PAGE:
Is there anything more Minnesotan than holing up in a bar in the dead of winter and betting money for raw meat? Try wearing shorts while you do it.
You’ll likely find one or two of those hardy, scantily dressed folk among the eager crowds that turn out every night of the week at dive bars and veterans service posts across the state for a good old-fashioned meat raffle.
From La Crescent in the southeast to Roseau way up by the Canada border, it’s a Minnesota pastime to throw down a dollar in the hopes of snagging a shrink-wrapped package of sirloin.
And yet, for every winner who stocks her freezer with repeated winnings from these gatherings, there’s a Minnesota transplant vexed by the name alone. Meat raffle?
So, for anyone who’s wondered if it’s truly possible to have a couple of beers and come home a couple of pounds of pork richer, here’s a guide to what it means to play with your dinner:
What is a meat raffle?
A meat raffle is exactly what it sounds like. It’s also charitable gambling. That means the proceeds go to any number of organizations, from veterans programs to youth soccer teams.
Here’s how it works. Buy a ticket (or two or three), usually at a dollar apiece. There are 30 tickets in a round, and after all of them sell, the meat raffler — often a longtime number caller with a big personality and a microphone — spins the wheel and announces the winning number.
If it’s you? “Come and get your meat” is a common phrase you’ll hear. Just walk up to the caller, show your ticket, and claim your prize.
What do you win?
Out of state visitors ask Juanita Harris that question all the time. Harris spins the wheel at VFW Post 494 in Crystal (5222 Bass Lake Road, 763-537-9914, crystalvfw.com) on Friday evenings. “They ask me, ‘What do I win?’ ” Harris said. “I tell them meat, whatever meat they want.”
The winnings typically come from local butcher shops. Crystal’s VFW gives away cuts from Hackenmueller’s Meat Market in Robbinsdale.
At the Chester Bird American Legion in Golden Valley (200 Lilac Dr., 763-377-4252, chesterbird.org), Laura Itman does the ordering from Nelson’s Meats in St. Louis Park. She likes to switch it up each week and makes sure there’s a variety of options, from bacon-wrapped filet mignon to stuffed hens.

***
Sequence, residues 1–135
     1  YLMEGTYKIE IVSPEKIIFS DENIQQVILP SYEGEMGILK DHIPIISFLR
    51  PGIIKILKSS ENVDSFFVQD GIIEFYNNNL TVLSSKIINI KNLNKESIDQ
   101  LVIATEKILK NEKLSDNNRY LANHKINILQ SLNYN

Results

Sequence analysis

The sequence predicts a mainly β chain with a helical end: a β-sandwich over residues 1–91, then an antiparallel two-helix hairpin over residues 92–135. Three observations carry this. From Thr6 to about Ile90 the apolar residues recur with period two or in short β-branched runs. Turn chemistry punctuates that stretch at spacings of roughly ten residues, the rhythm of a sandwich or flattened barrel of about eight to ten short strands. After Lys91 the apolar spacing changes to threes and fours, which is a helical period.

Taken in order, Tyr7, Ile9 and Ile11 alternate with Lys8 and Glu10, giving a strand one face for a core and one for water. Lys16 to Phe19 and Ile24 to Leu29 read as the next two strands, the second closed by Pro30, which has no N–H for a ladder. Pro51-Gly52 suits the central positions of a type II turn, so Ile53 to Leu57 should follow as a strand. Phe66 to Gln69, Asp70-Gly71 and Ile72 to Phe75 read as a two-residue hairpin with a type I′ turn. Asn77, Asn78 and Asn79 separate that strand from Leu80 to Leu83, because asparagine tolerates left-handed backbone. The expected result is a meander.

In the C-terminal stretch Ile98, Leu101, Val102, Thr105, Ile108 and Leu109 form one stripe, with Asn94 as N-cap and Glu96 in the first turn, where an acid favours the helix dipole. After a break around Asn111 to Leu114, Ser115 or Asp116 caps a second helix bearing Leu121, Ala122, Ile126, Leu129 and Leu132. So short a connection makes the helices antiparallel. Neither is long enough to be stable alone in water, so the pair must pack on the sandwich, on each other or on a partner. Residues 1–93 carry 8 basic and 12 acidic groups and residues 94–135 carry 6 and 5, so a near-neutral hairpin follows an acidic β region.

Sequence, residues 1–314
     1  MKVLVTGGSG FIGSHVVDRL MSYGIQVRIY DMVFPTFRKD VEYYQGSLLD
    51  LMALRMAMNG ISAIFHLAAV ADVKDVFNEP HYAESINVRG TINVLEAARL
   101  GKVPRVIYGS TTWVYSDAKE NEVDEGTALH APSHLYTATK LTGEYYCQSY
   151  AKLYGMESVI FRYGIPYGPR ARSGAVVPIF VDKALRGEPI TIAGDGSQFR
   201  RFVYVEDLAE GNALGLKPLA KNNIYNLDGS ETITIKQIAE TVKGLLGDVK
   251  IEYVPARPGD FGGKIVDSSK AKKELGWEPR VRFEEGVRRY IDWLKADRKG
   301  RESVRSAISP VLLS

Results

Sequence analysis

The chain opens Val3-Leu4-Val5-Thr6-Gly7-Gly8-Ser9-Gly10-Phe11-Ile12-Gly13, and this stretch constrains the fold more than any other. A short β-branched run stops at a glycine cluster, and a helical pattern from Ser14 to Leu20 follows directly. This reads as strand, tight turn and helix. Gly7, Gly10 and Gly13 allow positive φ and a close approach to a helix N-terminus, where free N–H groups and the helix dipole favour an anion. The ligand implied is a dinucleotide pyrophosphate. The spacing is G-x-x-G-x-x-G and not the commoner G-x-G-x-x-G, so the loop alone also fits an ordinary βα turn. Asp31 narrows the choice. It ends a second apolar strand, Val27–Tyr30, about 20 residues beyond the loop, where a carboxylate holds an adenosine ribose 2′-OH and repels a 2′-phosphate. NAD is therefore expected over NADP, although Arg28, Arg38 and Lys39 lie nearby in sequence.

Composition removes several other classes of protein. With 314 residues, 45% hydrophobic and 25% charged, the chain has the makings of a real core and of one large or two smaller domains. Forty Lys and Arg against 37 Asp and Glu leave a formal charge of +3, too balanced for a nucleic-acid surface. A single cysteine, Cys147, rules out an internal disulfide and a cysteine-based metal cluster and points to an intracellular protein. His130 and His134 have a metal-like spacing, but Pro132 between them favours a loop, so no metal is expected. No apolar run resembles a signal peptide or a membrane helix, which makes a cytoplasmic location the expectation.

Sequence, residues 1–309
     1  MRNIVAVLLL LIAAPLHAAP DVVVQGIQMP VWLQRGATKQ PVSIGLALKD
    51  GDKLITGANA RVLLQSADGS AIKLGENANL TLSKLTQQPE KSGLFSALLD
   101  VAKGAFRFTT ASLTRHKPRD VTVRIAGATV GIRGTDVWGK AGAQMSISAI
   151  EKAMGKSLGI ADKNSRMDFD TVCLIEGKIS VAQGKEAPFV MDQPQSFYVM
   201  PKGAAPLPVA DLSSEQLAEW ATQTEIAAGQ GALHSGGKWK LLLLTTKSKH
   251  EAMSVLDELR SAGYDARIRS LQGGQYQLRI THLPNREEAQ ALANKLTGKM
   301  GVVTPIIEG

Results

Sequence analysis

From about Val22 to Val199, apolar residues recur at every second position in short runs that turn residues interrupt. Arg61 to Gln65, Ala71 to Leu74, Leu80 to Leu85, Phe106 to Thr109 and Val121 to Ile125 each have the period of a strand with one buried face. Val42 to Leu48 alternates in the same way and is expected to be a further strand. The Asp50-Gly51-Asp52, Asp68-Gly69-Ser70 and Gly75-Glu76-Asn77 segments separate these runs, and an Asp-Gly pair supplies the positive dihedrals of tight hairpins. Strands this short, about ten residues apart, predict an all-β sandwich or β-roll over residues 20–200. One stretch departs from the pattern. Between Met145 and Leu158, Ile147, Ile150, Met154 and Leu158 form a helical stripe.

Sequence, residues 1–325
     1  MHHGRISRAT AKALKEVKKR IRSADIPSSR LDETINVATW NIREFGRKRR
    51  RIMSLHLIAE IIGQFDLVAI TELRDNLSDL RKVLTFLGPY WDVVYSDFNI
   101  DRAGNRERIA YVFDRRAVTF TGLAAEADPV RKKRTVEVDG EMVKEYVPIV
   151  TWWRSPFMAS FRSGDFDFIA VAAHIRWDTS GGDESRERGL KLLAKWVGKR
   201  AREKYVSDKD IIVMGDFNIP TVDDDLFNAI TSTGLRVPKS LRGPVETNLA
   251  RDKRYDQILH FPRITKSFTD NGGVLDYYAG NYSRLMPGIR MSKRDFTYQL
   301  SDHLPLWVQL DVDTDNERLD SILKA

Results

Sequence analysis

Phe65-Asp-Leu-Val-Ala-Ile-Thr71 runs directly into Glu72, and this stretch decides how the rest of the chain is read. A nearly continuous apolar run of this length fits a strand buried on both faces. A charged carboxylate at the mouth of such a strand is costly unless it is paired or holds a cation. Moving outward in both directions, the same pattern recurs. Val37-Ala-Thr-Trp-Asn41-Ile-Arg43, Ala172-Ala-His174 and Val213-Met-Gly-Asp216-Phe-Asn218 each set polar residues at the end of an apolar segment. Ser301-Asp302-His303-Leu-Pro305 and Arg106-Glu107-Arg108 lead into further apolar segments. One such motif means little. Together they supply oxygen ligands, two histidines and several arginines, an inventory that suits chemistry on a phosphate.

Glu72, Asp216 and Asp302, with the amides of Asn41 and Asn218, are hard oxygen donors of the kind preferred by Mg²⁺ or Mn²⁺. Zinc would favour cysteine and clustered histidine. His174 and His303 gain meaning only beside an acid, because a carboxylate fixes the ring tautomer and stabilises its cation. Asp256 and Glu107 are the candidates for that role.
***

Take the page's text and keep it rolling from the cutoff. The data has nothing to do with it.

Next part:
“I think out every single thing I choose,” said Itman, who also schedules bingo at the club.
When and where?
Ben Brausen, a Minneapolis digital marketer, devised a map of the state that points out as many meat raffles as he could find. To make the map, he spent hours calling veterans organizations and bars to confirm dates and times.
“A lot of American Legions don’t have the greatest websites,” he said.
Brausen logged more than 200 of them. And people keep writing to him with more.
“It’s not limited to any one type of bar,” he said.
He has a few favorites: Dusty’s on Fridays (1319 NE. Marshall St. Mpls., 612-378-9831, dustysbaranddagos.com) and one in McGregor, Minn., at Horseshoe Lake Inn.
But now that he’s mapped them all, he hopes to expand his horizons and visit other raffles, maybe even reviewing them for his site. His best win? “I got a package of all kinds of bacon once.”
Do they ever raise the stakes?
For a $5 ticket, some bars give you the chance to take home a cardboard box filled with chops and roasts worth $100 or more. The VFW calls it the “box o’ meat.” At the American Legion, the “colossal” prize is wrapped in white paper like a wedding gift.
Itman makes sure the box is as heavy as can be. “We want it to be a really big deal to get it to their car,” she said.
Is there a strategy to winning?
Harris doesn’t think so. “You’ve just got to pick your number,” she said.
But some of the regulars at the Golden Valley American Legion would disagree.